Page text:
The Sivananda Organization is an international organization with centres and ashrams all over the world. We aim to speak the languages spoken by our guests and staff, who come from countries all over the world. Swami Vishnudevananda teaches us to live in “Unity in Diversity,” support all languages, cultures and beliefs. With the motto “Unity in Diversity,” students from different countries, cultures and religious beliefs have found that yoga is a path towards respect of differences, transcending limitations and achieving inner harmony.
We strongly advise that you bring a yoga mat for your time at the Ashram. Due to hygiene reasons, we advocate that you use your own mat. We provide ecofriendly mat spray for use to all. We cannot guarantee availability of a yoga mat, as there is a limited supply at the Ashram, alternatively there is a boutique at the Ashram where you can purchase a mat.
The Ashram has reached the 21st century, and cellphones do work in the Ashram. However, the idea of an ashram is to turn to one’s personal practice of yoga and step away from the material world. Waiting for text messages and phone calls can distract the mind from inward exploration, and distract those around us. Therefore to assist all yogis in their practice and create a peaceful environment for all, we ask that all cellphones are shut off.
It is recommended to wear comfortable casual clothing in natural fabrics such as cottons or wools. Fleeces are also very useful for any change in the weather. Slip-on shoes are recommended when coming in and out of the various buildings. Gardening clothes and shoes for garden lovers. There is a silent meditation walk twice a week, so walking shoes may be useful. In the warmer months, the asana classes are held outside in the fresh air. Wearing layers is recommended.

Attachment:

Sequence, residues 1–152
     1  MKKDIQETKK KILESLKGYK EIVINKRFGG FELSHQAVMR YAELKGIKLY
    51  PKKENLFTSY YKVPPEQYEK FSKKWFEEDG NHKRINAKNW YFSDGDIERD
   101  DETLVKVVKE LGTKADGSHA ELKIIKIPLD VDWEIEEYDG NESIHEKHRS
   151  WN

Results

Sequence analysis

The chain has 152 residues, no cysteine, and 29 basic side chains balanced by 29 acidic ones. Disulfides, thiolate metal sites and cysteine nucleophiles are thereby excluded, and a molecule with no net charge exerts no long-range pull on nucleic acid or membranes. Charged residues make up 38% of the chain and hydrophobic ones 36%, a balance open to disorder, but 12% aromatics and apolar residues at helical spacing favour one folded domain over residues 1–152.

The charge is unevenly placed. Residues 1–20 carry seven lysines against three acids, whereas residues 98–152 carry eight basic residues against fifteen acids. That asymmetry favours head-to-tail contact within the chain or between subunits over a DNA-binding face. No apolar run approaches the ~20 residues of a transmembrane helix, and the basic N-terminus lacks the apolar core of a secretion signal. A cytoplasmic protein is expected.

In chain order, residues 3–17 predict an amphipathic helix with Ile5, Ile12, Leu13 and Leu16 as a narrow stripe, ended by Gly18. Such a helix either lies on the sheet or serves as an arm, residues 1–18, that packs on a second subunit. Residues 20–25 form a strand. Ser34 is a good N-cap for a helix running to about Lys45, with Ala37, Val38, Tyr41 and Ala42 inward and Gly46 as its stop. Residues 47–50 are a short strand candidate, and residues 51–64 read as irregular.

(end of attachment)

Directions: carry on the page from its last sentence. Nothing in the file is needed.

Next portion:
The word swami means monk. There are swamis from virtually all known religions. And here lies a very important point; a swami dedicates their life to the absolute Truth, beyond the different forms of religions. Serving others, supporting life in every way without expecting any reward, is akin to the sun shining selflessly onto the world. Some say this is the reason for the customary orange/saffron clothes of a swami. Others say the orange clothes are a reminder of the fire of knowledge that burns away ignorance, the fire of discipline that burns away desire and attachment. As Swami Sivananda joked: “A swami wears orange clothes so that those who seek his teachings can find him easily, and those that don’t can turn away.”
Certainly. Meet the gardener at the Krishna Tree at 11 am.
Why do brahmacharis wear yellow? Why does staff and teacher training students wear yellow and white?
A brahmachari has accepted absolute brahmacharya as a preparation for sannyasa. After taking the vows of brahmacharya, there is a name change, followed by the surname of ‘chaitanya’. Traditionally, the brahmachari would wear yellow clothing, to signify the quest for true knowledge, in recognition of their commitment to this path. Yellow represents the seeking of true knowledge. White represents purification of the Self.
People visit the Camp for anything between an hour and a month!
Join us for a satsang, a yoga class, a meal*, half a day, full day, a weekend, an extended stay, or join for courses of up to one month long.
Check the calendar for a full list of events.